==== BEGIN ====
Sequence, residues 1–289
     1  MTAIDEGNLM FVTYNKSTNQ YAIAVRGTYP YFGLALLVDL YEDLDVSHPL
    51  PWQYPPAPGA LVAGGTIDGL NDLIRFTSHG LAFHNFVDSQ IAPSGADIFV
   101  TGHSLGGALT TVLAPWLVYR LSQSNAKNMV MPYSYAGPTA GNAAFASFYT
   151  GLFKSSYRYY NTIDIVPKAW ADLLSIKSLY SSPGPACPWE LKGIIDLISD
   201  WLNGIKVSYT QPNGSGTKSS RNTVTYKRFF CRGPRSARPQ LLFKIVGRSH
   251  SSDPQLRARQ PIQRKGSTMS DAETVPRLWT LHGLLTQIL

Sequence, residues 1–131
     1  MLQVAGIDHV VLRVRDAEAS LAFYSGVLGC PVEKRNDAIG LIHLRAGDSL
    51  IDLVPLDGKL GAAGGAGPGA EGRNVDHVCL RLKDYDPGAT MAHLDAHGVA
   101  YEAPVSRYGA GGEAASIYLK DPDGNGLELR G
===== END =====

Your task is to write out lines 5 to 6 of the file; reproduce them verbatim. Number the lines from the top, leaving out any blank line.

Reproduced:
   151  GLFKSSYRYY NTIDIVPKAW ADLLSIKSLY SSPGPACPWE LKGIIDLISD
   201  WLNGIKVSYT QPNGSGTKSS RNTVTYKRFF CRGPRSARPQ LLFKIVGRSH